On the gas. I have no idea but thought that the gas was there to was as a preheater for the petroleum based fuels. If it will work predictable and consistently, producing a number 10 crucible of bronze in a reasonable amount of time. Using natural gas would be the most convenient. If it will not work properly. Then it will be propane. At this time I do no see a need for cast iron melt. I am wanting something that I can make controlled melts of a known alloy in bronze. It is for a bucket project that dun right, with luck. This will see the sun by spring. It will be tested outside but could easily end up inside before the fall. It is with the highest of hopes of my grand son, the skill and willingness of my son too help, and me! We will melt a little metal this year and have a lot of fun. It does not have to be fancy just efficient, safe and well designed.
  5. PatJ

    PatJ Silver Banner Member

    A Morgan Salamander-Super (the clay-graphite crucible I often use) measures 6.3" top outside diameter, 4.3" bottom outside diameter, and 7.9" tall.

    The crucible will sit on top of a plinth that may be 2"-3" above the floor of the furnace, with the centerline of the burner tube aligned with the top of the plinth.

    You should haven enough horizontal and vertical clearance with your inner chamber dimensions using a #10 crucible.

    There are several good keg furnace builds on the net.
    Mine is here:

    I started out by looking at a variety of furnace styles, and then combining/customizing what I thought were the best ideas from each of the various designs.

    If you don't want to use the upper hole in your lining, you could close it up with refractory.
    If you ever need to replace the lining, you can always use hard fire bricks stood up on end in a circular shape.
  6. Jason

    Jason Silver Banner Member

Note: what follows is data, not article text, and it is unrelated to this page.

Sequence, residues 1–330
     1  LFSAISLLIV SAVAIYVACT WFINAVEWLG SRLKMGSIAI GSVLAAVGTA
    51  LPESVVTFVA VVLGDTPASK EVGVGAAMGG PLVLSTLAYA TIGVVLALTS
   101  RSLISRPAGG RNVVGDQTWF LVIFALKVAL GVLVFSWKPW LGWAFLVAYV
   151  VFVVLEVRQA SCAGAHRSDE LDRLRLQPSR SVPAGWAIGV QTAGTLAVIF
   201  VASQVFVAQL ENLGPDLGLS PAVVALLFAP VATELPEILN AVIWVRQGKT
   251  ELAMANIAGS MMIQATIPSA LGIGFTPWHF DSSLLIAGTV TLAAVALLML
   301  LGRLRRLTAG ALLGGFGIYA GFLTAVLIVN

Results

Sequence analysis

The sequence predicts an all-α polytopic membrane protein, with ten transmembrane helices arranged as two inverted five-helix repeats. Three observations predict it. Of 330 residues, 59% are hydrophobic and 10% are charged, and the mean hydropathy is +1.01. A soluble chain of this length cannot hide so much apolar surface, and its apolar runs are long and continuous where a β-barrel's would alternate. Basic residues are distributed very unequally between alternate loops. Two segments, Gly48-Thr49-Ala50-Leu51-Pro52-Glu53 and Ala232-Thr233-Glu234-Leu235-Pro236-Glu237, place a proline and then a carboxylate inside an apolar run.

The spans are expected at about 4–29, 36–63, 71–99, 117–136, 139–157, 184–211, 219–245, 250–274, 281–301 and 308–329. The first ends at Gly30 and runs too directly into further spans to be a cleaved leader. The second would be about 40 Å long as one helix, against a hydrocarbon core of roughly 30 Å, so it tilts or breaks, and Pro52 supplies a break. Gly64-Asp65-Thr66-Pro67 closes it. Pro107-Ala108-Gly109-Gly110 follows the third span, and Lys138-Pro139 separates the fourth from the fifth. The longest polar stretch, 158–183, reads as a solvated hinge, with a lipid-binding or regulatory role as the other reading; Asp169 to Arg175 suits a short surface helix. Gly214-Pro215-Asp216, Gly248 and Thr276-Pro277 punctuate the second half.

NG can be used for preheat. But so can diesel. I am running a kwicky burner and in my recent #6 bronze pour, I did the entire melt (3 crucibles worth) completely on diesel. (jet-A, but close enough) Diesel doesn't require preheat where motor oil or veggie oil will need a pretty hot furnace to start with. In my last melt, I forget to switch over to the used motor oil. It happens some times. Any blown venturi style burner should get plenty hot on just diesel to melt aluminum and bronze. Mine will. You don't have any desire to melt cast iron, so no biggie there. You've probably heard this before, but 1st thing to always buy is your crucible. You build the furnace around that. For diesel/oil burners, allow a good 2" clearance all the way around the crucible. For propane only furnaces, only enough space for the lifting tool is necessary. I see many furnaces on YT that have way too much interior space and running propane. (bigstackd) This is what wastes energy and takes longer to melt a pot of metal. A keg is a big animal and most keg builds I see have too big a bore and are too tall to melt metal quickly without draining a propane tank. After you have your crucible, get cracking on your burner once you nail down a fuel source. If you have a compressor and not afraid to use it, I recommend going with a Kwicky, just my opinion. It's cheap and easy to build and doesnt require any special machining and the hardest part necessary is a little soldiering. Not too bad right? If you want easy, idiot proof and don't care about $$$ burning propane, there are a 1000 propane burner designs. Keep in mind, a blower helps big time and keeps melts happening quickly. I melt a full #6 crucible of bronze about 13lbs of metal in about 20mins. Not shabby and costs me zero in fuel because I burn sump jet fuel. By law it can't go back in an airplane, so I drain off the water and burn the free fuel.